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Harvest 2018: Norfolk peas are 'cooking in their pods' during the heatwave, say concerned farmers

PUBLISHED: 16:06 25 July 2018 | UPDATED: 16:29 25 July 2018

Norfolk peas being harvested during the heatwave by Aylsham Growers. Picture: Russell Corfield

Norfolk peas being harvested during the heatwave by Aylsham Growers. Picture: Russell Corfield

Russell Corfield

Norfolk's pea growers are racing against time to harvest this year's crop as the summer heatwave leaves "peas cooking in their pods".

Norfolk peas being harvested during the heatwave by Aylsham Growers. Picture: Russell CorfieldNorfolk peas being harvested during the heatwave by Aylsham Growers. Picture: Russell Corfield

Aylsham Growers is a co-operative producing 6,000 acres of vining peas across the county, with four harvesters working all hours of the day and night to gather the crop before it deteriorates further in the dry, sweltering conditions.

General manager Russell Corfield said: “Some of the crop we are into at the moment has had no natural rainfall whatsoever for the whole time they have been growing. We have got crops drying off in front of our eyes and starting to go yellow.

“There is going to be a huge impact on yield. Instead of six, seven, eight, pods per plant we are looking at three or four. And instead of eight or nine peas in a pod, it is only three, four or five if they have not had any irrigation.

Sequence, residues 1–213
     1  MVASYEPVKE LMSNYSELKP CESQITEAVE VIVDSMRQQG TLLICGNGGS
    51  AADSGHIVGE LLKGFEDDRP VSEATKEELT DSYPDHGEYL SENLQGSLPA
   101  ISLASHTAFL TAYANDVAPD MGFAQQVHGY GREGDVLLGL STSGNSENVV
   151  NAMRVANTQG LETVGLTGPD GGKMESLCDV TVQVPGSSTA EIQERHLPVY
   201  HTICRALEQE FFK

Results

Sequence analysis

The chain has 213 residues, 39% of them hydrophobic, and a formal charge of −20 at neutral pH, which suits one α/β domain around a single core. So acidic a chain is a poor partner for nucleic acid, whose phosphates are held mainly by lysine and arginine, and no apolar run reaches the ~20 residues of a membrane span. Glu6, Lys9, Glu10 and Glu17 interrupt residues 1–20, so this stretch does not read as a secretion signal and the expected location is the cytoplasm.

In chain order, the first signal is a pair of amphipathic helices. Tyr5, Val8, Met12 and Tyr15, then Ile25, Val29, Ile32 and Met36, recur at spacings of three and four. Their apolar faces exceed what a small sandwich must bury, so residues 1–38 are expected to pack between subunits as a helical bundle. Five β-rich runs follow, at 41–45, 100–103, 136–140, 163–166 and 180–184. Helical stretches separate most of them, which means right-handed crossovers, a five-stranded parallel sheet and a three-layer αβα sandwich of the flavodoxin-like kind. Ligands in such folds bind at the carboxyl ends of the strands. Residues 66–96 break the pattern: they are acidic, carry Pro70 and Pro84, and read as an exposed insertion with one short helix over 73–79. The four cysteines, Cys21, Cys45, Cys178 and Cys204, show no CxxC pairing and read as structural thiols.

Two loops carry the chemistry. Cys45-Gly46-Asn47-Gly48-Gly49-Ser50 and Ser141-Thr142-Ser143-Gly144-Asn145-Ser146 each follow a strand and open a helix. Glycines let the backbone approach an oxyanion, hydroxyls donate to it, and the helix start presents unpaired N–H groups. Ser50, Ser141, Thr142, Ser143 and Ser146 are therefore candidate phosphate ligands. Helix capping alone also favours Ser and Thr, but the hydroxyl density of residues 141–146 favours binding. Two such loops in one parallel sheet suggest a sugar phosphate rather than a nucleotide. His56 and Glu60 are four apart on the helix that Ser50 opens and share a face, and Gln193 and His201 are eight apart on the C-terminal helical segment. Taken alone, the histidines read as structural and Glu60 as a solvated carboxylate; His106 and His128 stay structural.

“The crops are hugely stressed, and it is a race against time for us to get them harvested and into the freezer.

Norfolk peas being harvested during the heatwave by Aylsham Growers. Picture: Russell CorfieldNorfolk peas being harvested during the heatwave by Aylsham Growers. Picture: Russell Corfield

“Anything over 30 degrees is doing huge damage to the crop. We put a thermometer in the ground, and even the ground temperature was 28 degrees. It has been basically cooking the peas in their pod.

“It does not matter whether you are in Norfolk or Scotland, every single grower in Great Britain has got the same issue.

“I have never seen anything like it. It is like working in a dustbowl.

“We are working flat out and all my harvesters usually run wet, but this year we are going through air filters like we are driving a combine. I cannot remember the last time we had to clean out air filters, and now we are doing it twice or three times a day, because there is so much dust going into them.”

Mr Corfield said crops planted earlier in the season had not suffered as much as later-drilled peas which now need to be irrigated to get them through to harvest – but limited water supplies may need to be redirected to high-value crops like potatoes and onions.

“All my growers have had huge issues with water and everybody is strapped for irrigation,” he said. “They are running out of water and decisions are being made as to whether to irrigate crops, or give up on them and concentrate the water where it is needed.

“Everything seems to be against us at the moment, but unfortunately we cannot control Mother Nature. The factory has been superb, and taking everything we have possibly got, so we are not losing crop.

“There will be a shortage of peas going into the freezers, I am convinced of that. Those back-end peas are just not going to produce what we budgeted for – but what will be frozen will be good quality.”

Mr Corfield said the pea harvest, which began on June 18, is likely to run until August 15, “providing the crop does not give up in the meantime”.

READ MORE: Fears of a carrot shortage after summer heatwave

READ MORE: Norfolk farmers report falling yields – but better than expected after summer drought

READ MORE: Livestock farmers fear an animal feed crisis as heatwave stunts grass growth

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